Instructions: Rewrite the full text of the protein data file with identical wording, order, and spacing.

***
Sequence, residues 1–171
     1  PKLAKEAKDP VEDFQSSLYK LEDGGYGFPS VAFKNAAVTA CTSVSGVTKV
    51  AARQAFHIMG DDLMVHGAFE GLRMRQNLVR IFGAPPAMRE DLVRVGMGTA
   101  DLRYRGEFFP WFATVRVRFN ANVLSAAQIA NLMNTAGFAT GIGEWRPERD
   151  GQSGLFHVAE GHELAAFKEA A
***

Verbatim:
Sequence, residues 1–171
     1  PKLAKEAKDP VEDFQSSLYK LEDGGYGFPS VAFKNAAVTA CTSVSGVTKV
    51  AARQAFHIMG DDLMVHGAFE GLRMRQNLVR IFGAPPAMRE DLVRVGMGTA
   101  DLRYRGEFFP WFATVRVRFN ANVLSAAQIA NLMNTAGFAT GIGEWRPERD
   151  GQSGLFHVAE GHELAAFKEA A